El Salvador is the only country in Latin America with troops supporting the US intervention in Iraq. Two Salvadoran soldiers have been killed in Iraq, and one of them is then son of Herminia Ramos of Guayamango. I've described her story before on this blog.
Now the Los Angeles Times has published an article describing her efforts protesting the Iraq war:
The only thing Herminia Ramos wanted from the army was her son's pension Â exactly $200 a month. She figured she deserved the money now, seeing how he gave his life wearing an army uniform, fighting in a war halfway around the world in Iraq.
The Salvadoran army said no.
Ramos said she felt abandoned. Left with her thoughts in her sparse cinderblock home, and five other children to support, she quickly came to a conclusion: No other parent should have to feel this way.
She signed her name to a letter demanding that El Salvador remove its troops from Iraq. Then she personally delivered it to the national legislature and the offices of conservative President Tony Saca. In the process, the quiet peasant has become the most potent symbol of this country's small antiwar movement....
When Ramos contacted a local minister about her concerns over the war, peace activists drafted a letter of protest in her name.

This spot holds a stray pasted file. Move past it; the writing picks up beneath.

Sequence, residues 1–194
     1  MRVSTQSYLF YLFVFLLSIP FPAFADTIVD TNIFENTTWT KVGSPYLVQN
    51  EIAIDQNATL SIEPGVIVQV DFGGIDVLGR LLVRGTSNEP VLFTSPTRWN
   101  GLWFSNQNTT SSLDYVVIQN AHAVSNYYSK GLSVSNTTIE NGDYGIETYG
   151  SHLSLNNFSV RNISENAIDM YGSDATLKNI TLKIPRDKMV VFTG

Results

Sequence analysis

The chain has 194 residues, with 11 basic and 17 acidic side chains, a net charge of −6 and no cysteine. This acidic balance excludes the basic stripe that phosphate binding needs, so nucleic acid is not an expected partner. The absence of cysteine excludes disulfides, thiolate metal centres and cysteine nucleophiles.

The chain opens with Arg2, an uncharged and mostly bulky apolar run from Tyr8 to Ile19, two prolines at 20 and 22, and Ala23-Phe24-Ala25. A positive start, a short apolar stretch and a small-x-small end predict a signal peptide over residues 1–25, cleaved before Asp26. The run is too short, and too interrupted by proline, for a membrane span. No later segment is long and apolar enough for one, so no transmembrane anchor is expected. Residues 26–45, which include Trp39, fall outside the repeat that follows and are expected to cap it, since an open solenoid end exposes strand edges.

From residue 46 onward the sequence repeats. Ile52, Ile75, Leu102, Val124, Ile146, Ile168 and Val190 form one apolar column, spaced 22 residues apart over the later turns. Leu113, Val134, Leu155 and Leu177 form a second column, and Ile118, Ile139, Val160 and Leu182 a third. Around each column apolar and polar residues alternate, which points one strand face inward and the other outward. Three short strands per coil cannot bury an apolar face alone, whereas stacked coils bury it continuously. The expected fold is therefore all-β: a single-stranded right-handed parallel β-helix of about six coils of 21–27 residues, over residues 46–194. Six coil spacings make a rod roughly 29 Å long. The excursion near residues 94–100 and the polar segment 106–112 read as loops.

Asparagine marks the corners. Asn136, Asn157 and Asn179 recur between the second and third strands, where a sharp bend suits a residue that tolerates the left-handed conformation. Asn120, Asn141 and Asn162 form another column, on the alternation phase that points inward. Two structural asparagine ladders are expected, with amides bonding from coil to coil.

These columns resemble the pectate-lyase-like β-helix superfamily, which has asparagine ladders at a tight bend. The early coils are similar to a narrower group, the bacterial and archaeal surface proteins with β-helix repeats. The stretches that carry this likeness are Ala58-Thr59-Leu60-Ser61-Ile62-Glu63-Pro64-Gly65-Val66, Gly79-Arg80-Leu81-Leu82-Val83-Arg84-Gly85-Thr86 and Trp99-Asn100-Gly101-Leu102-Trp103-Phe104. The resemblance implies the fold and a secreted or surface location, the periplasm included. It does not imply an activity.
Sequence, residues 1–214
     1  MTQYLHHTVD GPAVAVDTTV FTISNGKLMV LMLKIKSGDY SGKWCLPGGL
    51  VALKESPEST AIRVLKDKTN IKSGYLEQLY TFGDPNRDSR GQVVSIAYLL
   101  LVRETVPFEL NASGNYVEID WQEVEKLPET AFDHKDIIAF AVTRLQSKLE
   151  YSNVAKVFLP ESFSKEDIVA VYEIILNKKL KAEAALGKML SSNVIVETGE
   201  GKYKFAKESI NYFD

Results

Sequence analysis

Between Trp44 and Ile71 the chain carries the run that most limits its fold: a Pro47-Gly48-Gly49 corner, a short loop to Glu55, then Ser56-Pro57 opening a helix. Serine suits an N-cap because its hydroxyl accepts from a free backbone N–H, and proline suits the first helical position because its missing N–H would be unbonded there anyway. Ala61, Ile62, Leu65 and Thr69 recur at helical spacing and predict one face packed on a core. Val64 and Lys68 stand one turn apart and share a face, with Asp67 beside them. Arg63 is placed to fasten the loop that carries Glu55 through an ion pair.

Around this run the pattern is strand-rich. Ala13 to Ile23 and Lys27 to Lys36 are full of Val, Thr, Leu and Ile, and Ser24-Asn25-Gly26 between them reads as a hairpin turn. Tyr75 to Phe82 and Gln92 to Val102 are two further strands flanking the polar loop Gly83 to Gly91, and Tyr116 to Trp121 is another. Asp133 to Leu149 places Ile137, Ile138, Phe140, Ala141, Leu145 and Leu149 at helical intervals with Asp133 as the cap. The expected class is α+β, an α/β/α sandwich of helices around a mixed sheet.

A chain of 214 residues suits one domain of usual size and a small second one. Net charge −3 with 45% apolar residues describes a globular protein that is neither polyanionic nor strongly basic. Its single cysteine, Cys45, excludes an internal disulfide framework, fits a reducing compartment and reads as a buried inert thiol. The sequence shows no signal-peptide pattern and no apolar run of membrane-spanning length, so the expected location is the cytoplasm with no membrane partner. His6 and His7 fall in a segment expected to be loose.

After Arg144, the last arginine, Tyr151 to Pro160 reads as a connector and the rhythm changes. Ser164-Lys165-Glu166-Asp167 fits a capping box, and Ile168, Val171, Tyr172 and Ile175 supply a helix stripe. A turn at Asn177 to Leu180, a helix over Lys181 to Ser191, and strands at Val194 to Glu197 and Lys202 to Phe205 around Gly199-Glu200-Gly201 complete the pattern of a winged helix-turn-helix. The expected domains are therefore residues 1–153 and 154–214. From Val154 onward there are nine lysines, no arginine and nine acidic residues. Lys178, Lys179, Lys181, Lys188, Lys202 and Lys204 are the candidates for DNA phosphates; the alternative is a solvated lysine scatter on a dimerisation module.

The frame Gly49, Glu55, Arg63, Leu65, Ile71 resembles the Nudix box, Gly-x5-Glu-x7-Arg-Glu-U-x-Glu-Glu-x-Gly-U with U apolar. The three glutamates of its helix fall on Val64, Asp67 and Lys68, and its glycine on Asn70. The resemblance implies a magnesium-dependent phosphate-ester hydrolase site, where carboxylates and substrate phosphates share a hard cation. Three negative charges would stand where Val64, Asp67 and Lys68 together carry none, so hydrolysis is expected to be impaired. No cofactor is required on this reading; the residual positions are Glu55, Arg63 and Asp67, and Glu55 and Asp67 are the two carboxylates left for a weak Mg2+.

"I consider her to be one of our Salvadoran heroines," said Bishop Medardo Gomez of the Lutheran Church of El Salvador. "She is a poor woman of few words whose pain led her to speak out. She's dared to stand up to the powerful, to our government and, above all, to the military."
In a comment, El Visitador appropriately chastises me for leaving out some facts which appear in the Los Angeles Times article and an article in Diario CoLatino. First, the Army did build a new cinderblock house for Herminia Ramos (although it lacks electricity or water, and the promised land for her to raise crops is 30 kilometers away). Second, there was a $7000 life insurance policy paid her by the Army on her son's life, which has now been spent. Third, she will receive her son's pension, but not until she turns 55 in 8 years.
Obviously none of these things compensates a mother fully for the loss of a son fighting another nation's war.